In the literature TBAs are long known to activate MAPK signalling but this effect has mostly been associated with JNK activation13 and TBAs have been reported to inhibit ERK in several cell systems20,21,22. This was confirmed in the present study in which only MBZ but no other TBAs, including other benzimidazoles, activated ERK to any significant extent. However, some of them indeed activated SAPK/JNK in accordance with the literature13. In the present study the tested concentrations of MBZ were relatively high (often 1–30 µM). However in most of the experimental models tested a clear effect on MEK/ERK activation was observed at 1 µM which is a plasma concentration achievable in the clinical setting23.

The reason for the MBZ selective ERK activation is still not clear but is apparently not only due to tubulin depolymerization per se. One potential explanation could involve specific interactions with the tubulin structure. MBZ is known to bind to the colchicine binding site of tubulin but this is also the case for other benzimidazoles24, thus providing no simple explanation for the MBZ induced selective ERK activation. However, MBZ has been demonstrated to inhibit DYRK1b at low nM concentrations which can lead to ERK activation25,26. Moreover, MBZ also potently inhibits BRAF8 which in cells with wild type RAF leads to paradoxical ERK activation27,28. Thus, RAF inhibitors selectively block ERK signalling in BRAF-mutant tumours but have the opposite effect in BRAF wild-type cells such as T-cells, where they cause hyper-activation of ERK signalling28. These additional pharmacodynamic effects may consequently contribute to the observed MBZ induced ERK activation. The potential mechanisms behind MBZ-induced ERK activation are depicted in Fig. 6.

Figure 6

Hypothesis explaining the difference between MBZ and other TBAs for MAPK activation. TBAs are known to activate MAPK signalling, however, mainly through SAP/JNK. MBZ but no other benzimidazoles activate ERK. Additionally, MBZ inhibits DYRK1b which can lead to ERK activation, as well as potently inhibits BRAF which in cells with wild type RAF leads to paradoxical ERK activation.

In cancer MAPK/ERK activation has mostly been associated with tumour growth promotion resulting from overactivity in RAS and RAF mutated signalling pathways12. However, in certain cell types and contexts ERK activation can, on the contrary, be a requirement for inducing cell death29,30. With respect to immune stimulation ERK is necessary for activating immune cells, both T-cells31 and macrophages32, and inducing immune cell mediated tumour cell killing33. For tumours with RAS or BRAF mutations with already maximal intrinsic ERK signalling, ERK mediated immune cell activation may shift the balance towards tumour suppression. However, for some tumour types growth promotion cannot be excluded.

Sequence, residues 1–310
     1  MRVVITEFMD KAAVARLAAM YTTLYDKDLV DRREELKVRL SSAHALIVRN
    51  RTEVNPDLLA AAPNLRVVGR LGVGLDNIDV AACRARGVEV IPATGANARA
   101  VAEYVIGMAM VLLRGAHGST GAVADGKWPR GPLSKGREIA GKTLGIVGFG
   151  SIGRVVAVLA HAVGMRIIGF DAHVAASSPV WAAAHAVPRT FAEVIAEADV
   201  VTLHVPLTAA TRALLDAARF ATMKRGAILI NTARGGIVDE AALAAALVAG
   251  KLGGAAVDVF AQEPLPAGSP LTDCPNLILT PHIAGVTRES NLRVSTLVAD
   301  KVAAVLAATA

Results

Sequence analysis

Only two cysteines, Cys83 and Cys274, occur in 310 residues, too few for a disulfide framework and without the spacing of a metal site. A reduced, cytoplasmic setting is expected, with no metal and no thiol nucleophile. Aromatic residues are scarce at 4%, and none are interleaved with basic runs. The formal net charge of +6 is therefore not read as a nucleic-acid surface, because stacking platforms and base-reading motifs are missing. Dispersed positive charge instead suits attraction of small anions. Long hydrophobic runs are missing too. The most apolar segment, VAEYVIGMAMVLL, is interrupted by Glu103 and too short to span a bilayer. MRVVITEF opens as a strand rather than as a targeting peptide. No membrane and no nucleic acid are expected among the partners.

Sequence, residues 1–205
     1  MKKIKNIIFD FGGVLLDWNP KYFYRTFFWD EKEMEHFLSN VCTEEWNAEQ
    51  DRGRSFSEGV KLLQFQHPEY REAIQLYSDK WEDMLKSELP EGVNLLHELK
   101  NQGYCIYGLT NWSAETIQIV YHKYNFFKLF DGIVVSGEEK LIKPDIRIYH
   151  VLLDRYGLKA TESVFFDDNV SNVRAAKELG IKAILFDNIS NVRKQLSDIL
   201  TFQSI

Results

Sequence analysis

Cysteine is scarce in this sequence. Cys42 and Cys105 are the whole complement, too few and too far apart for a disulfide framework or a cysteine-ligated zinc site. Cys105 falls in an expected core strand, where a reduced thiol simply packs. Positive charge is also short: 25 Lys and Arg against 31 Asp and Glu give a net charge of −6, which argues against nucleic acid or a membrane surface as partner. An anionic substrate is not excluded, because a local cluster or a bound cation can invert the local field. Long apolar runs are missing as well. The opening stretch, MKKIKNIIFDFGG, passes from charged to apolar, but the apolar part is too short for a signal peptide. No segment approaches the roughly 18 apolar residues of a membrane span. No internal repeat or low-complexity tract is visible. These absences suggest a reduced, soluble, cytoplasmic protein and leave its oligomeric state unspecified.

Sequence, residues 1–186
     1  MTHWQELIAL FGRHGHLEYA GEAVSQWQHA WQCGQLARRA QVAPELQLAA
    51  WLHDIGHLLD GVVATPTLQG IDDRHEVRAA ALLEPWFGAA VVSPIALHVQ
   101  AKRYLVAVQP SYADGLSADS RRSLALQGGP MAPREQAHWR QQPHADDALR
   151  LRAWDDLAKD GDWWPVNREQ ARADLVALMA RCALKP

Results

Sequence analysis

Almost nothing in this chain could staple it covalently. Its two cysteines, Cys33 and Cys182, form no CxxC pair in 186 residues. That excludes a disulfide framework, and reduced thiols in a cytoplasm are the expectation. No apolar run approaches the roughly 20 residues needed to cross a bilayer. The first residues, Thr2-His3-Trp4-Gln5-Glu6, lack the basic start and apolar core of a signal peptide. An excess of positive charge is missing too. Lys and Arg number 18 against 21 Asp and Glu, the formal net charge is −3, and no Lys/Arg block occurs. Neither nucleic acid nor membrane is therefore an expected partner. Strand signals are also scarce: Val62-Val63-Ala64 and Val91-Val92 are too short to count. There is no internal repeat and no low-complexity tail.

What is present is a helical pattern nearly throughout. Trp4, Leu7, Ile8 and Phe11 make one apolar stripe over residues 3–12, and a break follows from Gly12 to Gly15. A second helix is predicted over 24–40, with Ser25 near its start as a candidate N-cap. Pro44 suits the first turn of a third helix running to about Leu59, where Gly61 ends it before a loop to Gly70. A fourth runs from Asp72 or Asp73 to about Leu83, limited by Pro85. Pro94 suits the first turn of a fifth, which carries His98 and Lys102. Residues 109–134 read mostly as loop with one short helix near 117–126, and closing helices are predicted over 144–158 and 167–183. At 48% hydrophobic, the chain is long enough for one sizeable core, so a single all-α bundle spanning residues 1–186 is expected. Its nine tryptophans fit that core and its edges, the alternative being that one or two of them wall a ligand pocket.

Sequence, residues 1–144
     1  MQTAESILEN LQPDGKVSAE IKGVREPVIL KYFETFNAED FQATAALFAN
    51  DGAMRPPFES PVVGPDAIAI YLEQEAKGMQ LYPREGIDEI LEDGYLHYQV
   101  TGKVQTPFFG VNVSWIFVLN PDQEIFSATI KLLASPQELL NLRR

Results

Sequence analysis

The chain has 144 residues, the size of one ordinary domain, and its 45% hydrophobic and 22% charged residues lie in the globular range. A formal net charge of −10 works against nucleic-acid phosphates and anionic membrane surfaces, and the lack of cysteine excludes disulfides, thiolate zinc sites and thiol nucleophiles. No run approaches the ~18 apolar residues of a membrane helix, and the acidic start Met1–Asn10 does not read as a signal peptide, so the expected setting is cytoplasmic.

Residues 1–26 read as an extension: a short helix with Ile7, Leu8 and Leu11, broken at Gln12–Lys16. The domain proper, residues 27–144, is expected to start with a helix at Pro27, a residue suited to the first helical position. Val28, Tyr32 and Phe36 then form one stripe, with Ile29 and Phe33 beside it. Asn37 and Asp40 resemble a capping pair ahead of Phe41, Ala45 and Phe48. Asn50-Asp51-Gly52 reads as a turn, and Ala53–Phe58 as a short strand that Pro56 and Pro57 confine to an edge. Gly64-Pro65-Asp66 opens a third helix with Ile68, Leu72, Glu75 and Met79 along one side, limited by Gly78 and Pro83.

In the immune-oncology setting studies have shown that engagement of PD-1 by PD-L1 inhibit the MEK/ERK MAPK pathway leading to suppression of T-cell activation and proliferation34,35. The effect of PD-1 on MEK/ERK and MAP kinases was found to be selective because PD-1 ligation could not inhibit the activation of JNK and p38 MAP kinases34. Also in macrophages signals from inhibitory receptors can downregulate the MEK/ERK pathway leading to inhibition of macrophage activation and function36. One example is the interaction of CD200 ligand (expressed on tumour cells) with CD200 receptors (CD200R) on myeloid cells which negatively regulates the activation of these cells secondary to MEK/ERK inhibition. CD200R expression is also associated with M2 polarisation of macrophages37. We speculate that MBZ may counteract these immune suppressive effects by restoring ERK activity. We have also previously shown that MBZ induces an M1 phenotype in human macrophage models and potentiates the anti-cancer activity of CD3/IL-2 activated peripheral blood mononuclear cells (PBMCs), the effect being attenuated by removal of CD14+ myeloid cells38.

However, ERK is not always a signal for immune stimulation and inflammation but can in certain cells and situations exert negative feedback on p38/JNK driven inflammation39,40. One explanation for this reciprocal feedback activity has been attributed to MAPK crosstalk. Both increased p38 and JNK activity can inhibit ERK through activation of PP2 and AP-1 transcription, respectively41. ERK activation, on the other hand, increases MKP1 protein stability and availability which in turn causes preferentially de-phosphorylation and inactivation of p38 and JNK39,40. The resulting decrease in p38 and JNK activity downregulates the pro-inflammatory response. ERK has also been shown to inhibit NF42,43. These potential mechanisms are schematically depicted in Supplementary Fig. S4.